“The biggest losers of the admittance of migrants in Central and Eastern Europe could be the Roma minority, in view of the fact that the monies being spent on their integration would have to be redirected to pay for illegal immigrants”, Minister of Human Capacities Zoltán Balog stressed in Heidelberg on Saturday in an interview for Hungarian M1 television.

Mr. Balog attended and gave a speech at the opening of an exhibition entitled Roma Freedom Fighters in 1956 in the German city, and also met with Romani Rose, President of the Central Council of German Sinti and Roma, which organised the exhibition.

DownloadPhoto: Gyula Bartos

In reply to a question in an interview for Hungarian M1 television following the opening ceremony, the Minister stressed: “The biggest losers of the admittance of the migrants into Europe will be the poor and people in need, and in Central and Eastern Europe that predominantly means the Roma minority, because it will be the monies that are being spent on their integration that will be taken away and given to the migrants”.

“There are many in Germany, including many high-ranking politicians, who acknowledge everything that is happening in Hungary to assist the Roma minority. They acknowledge the efforts that Hungary is making to assure that Roma culture remains in existence, gains strength and rises from the ashes”, Mr. Balog stressed.

DownloadPhoto: Gyula Bartos

The event also provided an opportunity for him to present the György Cziffra Cultural and Education Centre, which is being established in Budapest out of government funding and is expected to open in the spring of 2019, and its arts director, Liszt Award-winning pianist János Balázs, the Minister highlighted.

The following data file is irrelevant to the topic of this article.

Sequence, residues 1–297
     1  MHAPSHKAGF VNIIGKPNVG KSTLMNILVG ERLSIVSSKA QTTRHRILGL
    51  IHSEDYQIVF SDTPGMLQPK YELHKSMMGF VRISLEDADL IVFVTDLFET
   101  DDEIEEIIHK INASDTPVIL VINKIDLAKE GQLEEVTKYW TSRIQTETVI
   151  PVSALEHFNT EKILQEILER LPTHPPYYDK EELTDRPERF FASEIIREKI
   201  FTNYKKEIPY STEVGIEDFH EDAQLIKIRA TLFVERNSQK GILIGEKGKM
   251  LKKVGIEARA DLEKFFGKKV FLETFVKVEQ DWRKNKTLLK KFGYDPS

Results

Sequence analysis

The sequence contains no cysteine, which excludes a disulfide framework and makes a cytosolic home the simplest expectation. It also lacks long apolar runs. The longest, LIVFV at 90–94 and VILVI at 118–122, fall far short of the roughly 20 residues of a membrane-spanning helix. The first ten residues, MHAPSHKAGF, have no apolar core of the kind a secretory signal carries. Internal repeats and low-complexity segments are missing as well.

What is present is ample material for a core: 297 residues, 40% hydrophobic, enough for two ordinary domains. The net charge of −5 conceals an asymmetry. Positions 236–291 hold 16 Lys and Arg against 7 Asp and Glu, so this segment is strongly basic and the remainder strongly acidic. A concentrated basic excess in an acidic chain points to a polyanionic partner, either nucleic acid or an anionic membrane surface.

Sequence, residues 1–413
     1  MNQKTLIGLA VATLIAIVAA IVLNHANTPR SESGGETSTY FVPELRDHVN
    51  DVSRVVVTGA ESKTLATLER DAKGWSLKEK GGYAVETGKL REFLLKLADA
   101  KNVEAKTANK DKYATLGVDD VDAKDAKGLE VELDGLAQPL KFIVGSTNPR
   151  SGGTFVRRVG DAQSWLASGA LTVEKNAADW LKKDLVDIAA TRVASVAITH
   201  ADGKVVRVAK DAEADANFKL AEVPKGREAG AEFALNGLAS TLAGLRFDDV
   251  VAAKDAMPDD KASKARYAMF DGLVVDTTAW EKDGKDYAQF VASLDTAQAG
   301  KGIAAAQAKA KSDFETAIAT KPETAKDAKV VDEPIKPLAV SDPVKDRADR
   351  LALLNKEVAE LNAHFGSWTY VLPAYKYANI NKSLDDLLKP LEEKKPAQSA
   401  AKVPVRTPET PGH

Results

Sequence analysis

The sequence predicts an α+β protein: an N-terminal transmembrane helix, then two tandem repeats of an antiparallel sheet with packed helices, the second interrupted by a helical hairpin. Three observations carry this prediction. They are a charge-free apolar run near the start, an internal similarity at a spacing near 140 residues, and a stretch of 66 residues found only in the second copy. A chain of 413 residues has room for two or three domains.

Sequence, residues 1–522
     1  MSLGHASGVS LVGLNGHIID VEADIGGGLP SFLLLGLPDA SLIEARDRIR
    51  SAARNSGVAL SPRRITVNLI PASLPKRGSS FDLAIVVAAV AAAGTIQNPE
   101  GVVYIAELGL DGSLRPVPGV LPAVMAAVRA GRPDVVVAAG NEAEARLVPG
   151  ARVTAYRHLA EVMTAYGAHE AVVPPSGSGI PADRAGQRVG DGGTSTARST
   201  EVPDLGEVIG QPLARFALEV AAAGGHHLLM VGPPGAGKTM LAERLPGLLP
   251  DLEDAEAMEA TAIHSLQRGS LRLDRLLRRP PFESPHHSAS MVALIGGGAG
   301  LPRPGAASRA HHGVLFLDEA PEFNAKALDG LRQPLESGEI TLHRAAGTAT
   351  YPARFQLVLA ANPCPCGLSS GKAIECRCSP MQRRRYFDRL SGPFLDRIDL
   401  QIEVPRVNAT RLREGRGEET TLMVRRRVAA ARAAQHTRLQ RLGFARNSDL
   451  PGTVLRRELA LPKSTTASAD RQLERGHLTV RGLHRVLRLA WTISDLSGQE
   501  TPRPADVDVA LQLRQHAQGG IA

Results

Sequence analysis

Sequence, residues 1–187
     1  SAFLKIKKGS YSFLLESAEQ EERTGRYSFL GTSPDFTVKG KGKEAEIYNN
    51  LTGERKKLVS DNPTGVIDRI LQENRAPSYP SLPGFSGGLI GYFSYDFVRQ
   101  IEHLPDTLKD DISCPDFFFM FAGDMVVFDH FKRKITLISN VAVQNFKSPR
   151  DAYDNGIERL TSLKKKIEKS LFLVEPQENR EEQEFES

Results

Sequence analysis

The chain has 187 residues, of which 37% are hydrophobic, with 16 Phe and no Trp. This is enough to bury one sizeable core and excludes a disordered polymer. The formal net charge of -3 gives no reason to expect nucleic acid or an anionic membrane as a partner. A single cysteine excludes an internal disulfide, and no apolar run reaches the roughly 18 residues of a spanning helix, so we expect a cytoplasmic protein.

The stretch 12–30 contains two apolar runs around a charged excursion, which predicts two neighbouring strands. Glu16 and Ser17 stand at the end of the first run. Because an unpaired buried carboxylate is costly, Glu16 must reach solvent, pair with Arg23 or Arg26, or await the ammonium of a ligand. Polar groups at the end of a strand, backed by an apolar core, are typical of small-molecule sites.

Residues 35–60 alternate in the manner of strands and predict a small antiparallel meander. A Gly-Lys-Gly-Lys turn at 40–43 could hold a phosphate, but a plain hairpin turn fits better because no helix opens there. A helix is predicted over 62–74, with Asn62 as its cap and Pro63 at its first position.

In his speech at the opening of the exhibition, Mr. Balog referred to the fact that one of the world’s greatest pianists, George Cziffra, was a hero of 1956, and according to many it was his Bartok concert on 22 October 1956 that created a revolutionary mood, stressing that George Cziffra’s heritage is once again present in Budapest.

DownloadPhoto: Gyula Bartos

In his speech, the Minister of Human Capacities also pointed out that in 1956 Hungarians and Roma fought side-by-side, and for the Roma minority it went without saying that they must fight for freedom. “The Roma have been living with us in the Carpathian basin for centuries, they are part of our lives and culture, we have lived through both the good and bad periods of history together, and fought together in 1848, in 1956 and also in 1989”, Mr. Balog highlighted in his speech in Heidelberg on Saturday.